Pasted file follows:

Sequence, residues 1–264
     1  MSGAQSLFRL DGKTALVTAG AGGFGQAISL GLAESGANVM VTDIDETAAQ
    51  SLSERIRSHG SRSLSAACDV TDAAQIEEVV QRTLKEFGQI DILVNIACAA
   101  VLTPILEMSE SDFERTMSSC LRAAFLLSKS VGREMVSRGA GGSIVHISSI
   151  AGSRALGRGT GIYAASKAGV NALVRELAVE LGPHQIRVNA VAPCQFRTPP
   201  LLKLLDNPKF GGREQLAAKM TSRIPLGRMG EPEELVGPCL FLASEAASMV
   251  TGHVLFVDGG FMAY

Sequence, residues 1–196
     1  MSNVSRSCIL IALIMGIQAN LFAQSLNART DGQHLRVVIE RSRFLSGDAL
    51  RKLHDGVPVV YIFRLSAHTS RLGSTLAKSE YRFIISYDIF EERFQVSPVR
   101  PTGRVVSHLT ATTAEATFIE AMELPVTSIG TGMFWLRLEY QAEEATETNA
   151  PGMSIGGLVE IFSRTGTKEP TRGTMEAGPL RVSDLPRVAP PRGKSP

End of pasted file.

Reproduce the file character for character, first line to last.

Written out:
Sequence, residues 1–264
     1  MSGAQSLFRL DGKTALVTAG AGGFGQAISL GLAESGANVM VTDIDETAAQ
    51  SLSERIRSHG SRSLSAACDV TDAAQIEEVV QRTLKEFGQI DILVNIACAA
   101  VLTPILEMSE SDFERTMSSC LRAAFLLSKS VGREMVSRGA GGSIVHISSI
   151  AGSRALGRGT GIYAASKAGV NALVRELAVE LGPHQIRVNA VAPCQFRTPP
   201  LLKLLDNPKF GGREQLAAKM TSRIPLGRMG EPEELVGPCL FLASEAASMV
   251  TGHVLFVDGG FMAY

Sequence, residues 1–196
     1  MSNVSRSCIL IALIMGIQAN LFAQSLNART DGQHLRVVIE RSRFLSGDAL
    51  RKLHDGVPVV YIFRLSAHTS RLGSTLAKSE YRFIISYDIF EERFQVSPVR
   101  PTGRVVSHLT ATTAEATFIE AMELPVTSIG TGMFWLRLEY QAEEATETNA
   151  PGMSIGGLVE IFSRTGTKEP TRGTMEAGPL RVSDLPRVAP PRGKSP